The existence of supermassive black holes, at least in elliptical and bulge-dominated galaxies is suggested by various observations, such as the optical spectroscopy, VLBI water maser measurements and X-ray observations of AGNs (Nakai et al. 1993, Kormendy & Richstone 1995, Faber et al. 1997, Miyoshi et al. 1995, Greenhill et al. 1996, Pounds et al. 1990). An intensive discussion about the possible relationship between the central properties and their host galaxies was spurred on especially since the high resolution HST photometry and several ground-based CCD photometries of early type galaxies. Although there are significant scatters, a linear mass correlation of central black holes and their host spheroids has still a high probability.
The theoretical interpretation for such linear scale is discussed by several authors (Merritt 1998, Silk & Rees 1998, Wang & Biermann 1998). Considering various observations, Wang & Biermann (1998) proposed a possible formation scenario for elliptical and bulge-dominated galaxies, as well as the consequential active evolution phase where early type galaxies are the products of major mergers between two comparable disk galaxies; the violent collision between two galaxies could destroy the original stellar disks and form the spheroidal component of merging galaxies after the relaxation; help to release the angular moment of the cold gas outside and drive them inwards; a central starburst and QSO accretion in the central condensed gas disk will compete for the gas supply, feedback and drain the gas in the disk in a short time; possibly grow a supermassive black hole during the spheroid formation, blow up the gas left probably by the nuclear wind when the central engine gets to be powerful enough; thus restrict the central black hole mass and the mass of the stellar component to a ratio of .
The numerical simulation by Wang & Biermann (1998) shows the star formation approximately scales with the nuclear accretion during galaxy interactions, which can regulate the black hole to bulge mass ratio to the observed level within a factor of three. In this scenario, a quasar black hole is possibly formed at a cosmic time scale of , corresponding to in a flat Einstein-de Sitter world model with . Afterwards, when the quasar active phase has ceased and the spheroidal stellar system gets relaxed in a comparable relaxation time scale, an elliptical or spiral bulge harboring a massive black hole in the center with the mass in a factor of the host spheroid may appear in the universe.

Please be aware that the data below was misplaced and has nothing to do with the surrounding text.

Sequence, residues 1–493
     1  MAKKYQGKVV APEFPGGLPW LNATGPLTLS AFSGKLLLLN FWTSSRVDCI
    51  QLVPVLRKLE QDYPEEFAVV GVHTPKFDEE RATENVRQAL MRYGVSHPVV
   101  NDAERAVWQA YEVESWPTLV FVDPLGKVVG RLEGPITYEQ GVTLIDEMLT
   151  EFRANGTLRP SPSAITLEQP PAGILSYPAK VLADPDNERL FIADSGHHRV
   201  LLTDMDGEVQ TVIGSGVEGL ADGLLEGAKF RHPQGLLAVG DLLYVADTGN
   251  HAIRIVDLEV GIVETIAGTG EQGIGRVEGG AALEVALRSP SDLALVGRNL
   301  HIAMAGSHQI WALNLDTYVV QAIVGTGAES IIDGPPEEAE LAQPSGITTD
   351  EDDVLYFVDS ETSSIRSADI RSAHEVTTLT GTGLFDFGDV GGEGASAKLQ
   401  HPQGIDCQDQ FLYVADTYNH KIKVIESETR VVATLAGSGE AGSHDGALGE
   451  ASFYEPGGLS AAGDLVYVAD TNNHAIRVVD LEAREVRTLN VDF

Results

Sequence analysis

We should mention the black hole evolution in this model is assumed to reach the Eddington accretion rate whenever there is sufficient gas supplied to the center. The question of whether this mass correlation is universal for all AGNs, i.e. whether Seyfert galaxies follow a similar black hole to bulge mass correlation as in early type galaxies and luminous QSOs, is not only important for the understanding of the correlation between the host galaxies and the evolution of active nuclei, but for the relation of the formation and evolution scheme between Seyferts and QSOs.
Recent reverberation mapping of a sample of Seyferts with reliable central masses and the bulge magnitudes by Wandel (1999), suggests that there is a broad distribution of black hole to bulge mass ratio with a mean of , about one magnitude lower than the value in early type galaxies and bright QSOs. Although this discrepancy may in part be explained by systematic errors and selection or orientation effects (Wandel 2000), a significant difference probably remains, in particular between Seyfert 1 galaxies and QSOs, at least a large dispersion for the medium-bulge system, with masses similar to those of Seyferts (Magorrian et al. 1998, Richstone et al. 1999, Ferrarese & Merritt 2000). Our purpose is to firstly present a model which could explain the black hole to bulge mass correlation in AGNs and the dependence on the environmental parameters of the host galaxies, such as the gas or stellar velocity dispersion, as well as the relation of the central starburst and accretion process during galactic interaction; Secondly, discuss the dispersion of black hole to bulge mass ratio in QSOs and Seyferts within a simple unified formation scheme, where the bulge formation and nuclear activity are triggered by galaxy mergers or tidal interactions. We found the variation of the velocity dispersion of accreting gas could cause a range of distribution for the mass ratio, leading to a correlation of the nuclear black hole mass and the gas velocity dispersion roughly as from our simulation, within the slope suggested by recent work of Ferrarese & Merritt (2000) and Gebhardt et al. (2000).
© European Southern Observatory (ESO) 2000
Online publication: October 2, 2000